Professor Flowers has lectured worldwide on the topic of ethics. She won a Telly Award for Excellence in Educational Films for having produced a series of educational videos on the ethical issues faced by prosecuting attorneys. Along with Professor Rebecca Morgan, she created a video series used to train and educate attorneys nationwide on the ethical dilemmas faced by elder law attorneys. The Florida Supreme Court awarded Professor Morgan and Professor Flowers the Florida Supreme Court Professionalism Award for their video productions. Additionally, with Professor Morgan, Professor Flowers designed the nation's first "elder friendly courtroom," which serves as model for courtrooms of the future.
Before arriving at Stetson, Professor Flowers worked as a prosecutor in both the state and federal system. She began her career in 1984 as a deputy district attorney for the 18th Judicial District of Colorado, where she served as a trial attorney in the criminal division. In 1989, she was appointed assistant U.S. attorney for the Southern District of Florida, where she served in the Appellate Division, the Major Crimes Unit and the Public Corruption Unit.
Professor Flowers graduated magna cum laude from Baylor University in 1979 with a bachelor's degree in psychology. She received her J.D. from the University of Colorado in 1984, where she was selected to be a member of the Order of the Coif.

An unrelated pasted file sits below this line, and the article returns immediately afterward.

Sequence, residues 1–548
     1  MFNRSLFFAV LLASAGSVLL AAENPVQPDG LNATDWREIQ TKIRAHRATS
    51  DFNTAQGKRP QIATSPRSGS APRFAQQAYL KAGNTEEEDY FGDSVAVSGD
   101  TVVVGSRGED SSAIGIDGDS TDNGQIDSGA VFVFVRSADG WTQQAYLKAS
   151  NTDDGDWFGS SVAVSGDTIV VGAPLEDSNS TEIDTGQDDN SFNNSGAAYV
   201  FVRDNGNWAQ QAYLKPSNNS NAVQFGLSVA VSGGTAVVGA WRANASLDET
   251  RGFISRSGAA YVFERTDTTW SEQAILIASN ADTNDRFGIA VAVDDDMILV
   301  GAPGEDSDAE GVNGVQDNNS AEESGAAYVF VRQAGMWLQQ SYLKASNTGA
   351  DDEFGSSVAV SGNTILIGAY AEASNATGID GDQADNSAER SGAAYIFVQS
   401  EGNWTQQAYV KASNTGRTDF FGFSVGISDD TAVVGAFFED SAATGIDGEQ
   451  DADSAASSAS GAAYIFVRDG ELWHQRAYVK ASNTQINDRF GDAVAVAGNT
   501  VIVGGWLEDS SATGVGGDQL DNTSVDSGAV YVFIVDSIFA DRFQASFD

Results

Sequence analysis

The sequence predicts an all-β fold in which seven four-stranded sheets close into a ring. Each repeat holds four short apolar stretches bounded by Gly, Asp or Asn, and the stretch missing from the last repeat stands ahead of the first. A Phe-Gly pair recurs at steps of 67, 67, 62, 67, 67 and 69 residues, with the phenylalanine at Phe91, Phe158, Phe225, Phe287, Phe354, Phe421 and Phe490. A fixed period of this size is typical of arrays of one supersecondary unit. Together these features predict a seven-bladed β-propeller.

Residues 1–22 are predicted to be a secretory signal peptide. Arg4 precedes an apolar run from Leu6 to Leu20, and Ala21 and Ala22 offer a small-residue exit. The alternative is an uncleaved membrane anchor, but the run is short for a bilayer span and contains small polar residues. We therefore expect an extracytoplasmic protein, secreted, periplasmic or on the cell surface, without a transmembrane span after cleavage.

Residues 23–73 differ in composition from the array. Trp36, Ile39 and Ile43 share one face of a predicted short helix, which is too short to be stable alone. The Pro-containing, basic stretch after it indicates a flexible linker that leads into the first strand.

Professor Flowers' research interests center on the issues of ethics and professionalism. Professor Flowers' articles have appeared in such journals as the Fordham Law Review, the Boston College Law Review, Missouri Law Review, the Nebraska Law Review, the Ohio State Journal of Criminal Law, Hastings Constitutional Law Quarterly, the Stetson Law Review, and the NAELA Journal.
Professor Flowers is active in several professional associations. She has served on numerous committees of The Florida Bar, including the Professional Ethics Committee, the Evidence Committee, and the Standing Committee on Professionalism. She is currently the chair of the Professionalism Sub-Committee of the Litigation Section's Ethics and Professionalism Committee of the American Bar Association.
Senior Scholar and Professor of Law
Elon University School of Law
Steve Friedland is a founding member of the Law School faculty. He has served as an Assistant U.S. Attorney for the District of Columbia and as an Assistant Director of the Office of Legal Education, National Advocacy Center, for the Department of Justice.
Friedland has written numerous law review articles, most recently in the areas of cybersurveillance and law school pedagogies. In the past two years, his articles have been published or accepted for publication in the Duke Law Journal (online), Washington & Lee Law Review, a journal at the Sorbonne, and the Wake Forest Law Review (online). His books on Evidence Law, Constitutional Law, Criminal Law and Procedure and Law School Teaching have been published by the West Publishing Company, Aspen Press, Lexis Publishing Company and Carolina Academic Press.